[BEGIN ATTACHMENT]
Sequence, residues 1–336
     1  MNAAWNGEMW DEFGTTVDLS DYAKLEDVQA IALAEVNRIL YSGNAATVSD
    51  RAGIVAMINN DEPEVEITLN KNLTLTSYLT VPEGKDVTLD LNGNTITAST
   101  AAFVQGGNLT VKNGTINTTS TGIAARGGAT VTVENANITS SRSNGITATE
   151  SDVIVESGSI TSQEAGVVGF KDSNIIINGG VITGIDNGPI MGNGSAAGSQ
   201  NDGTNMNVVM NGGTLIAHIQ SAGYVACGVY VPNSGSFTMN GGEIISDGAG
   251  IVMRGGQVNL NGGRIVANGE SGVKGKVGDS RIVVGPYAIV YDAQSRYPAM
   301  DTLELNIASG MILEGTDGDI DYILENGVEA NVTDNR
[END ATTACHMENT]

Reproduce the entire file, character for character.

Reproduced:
Sequence, residues 1–336
     1  MNAAWNGEMW DEFGTTVDLS DYAKLEDVQA IALAEVNRIL YSGNAATVSD
    51  RAGIVAMINN DEPEVEITLN KNLTLTSYLT VPEGKDVTLD LNGNTITAST
   101  AAFVQGGNLT VKNGTINTTS TGIAARGGAT VTVENANITS SRSNGITATE
   151  SDVIVESGSI TSQEAGVVGF KDSNIIINGG VITGIDNGPI MGNGSAAGSQ
   201  NDGTNMNVVM NGGTLIAHIQ SAGYVACGVY VPNSGSFTMN GGEIISDGAG
   251  IVMRGGQVNL NGGRIVANGE SGVKGKVGDS RIVVGPYAIV YDAQSRYPAM
   301  DTLELNIASG MILEGTDGDI DYILENGVEA NVTDNR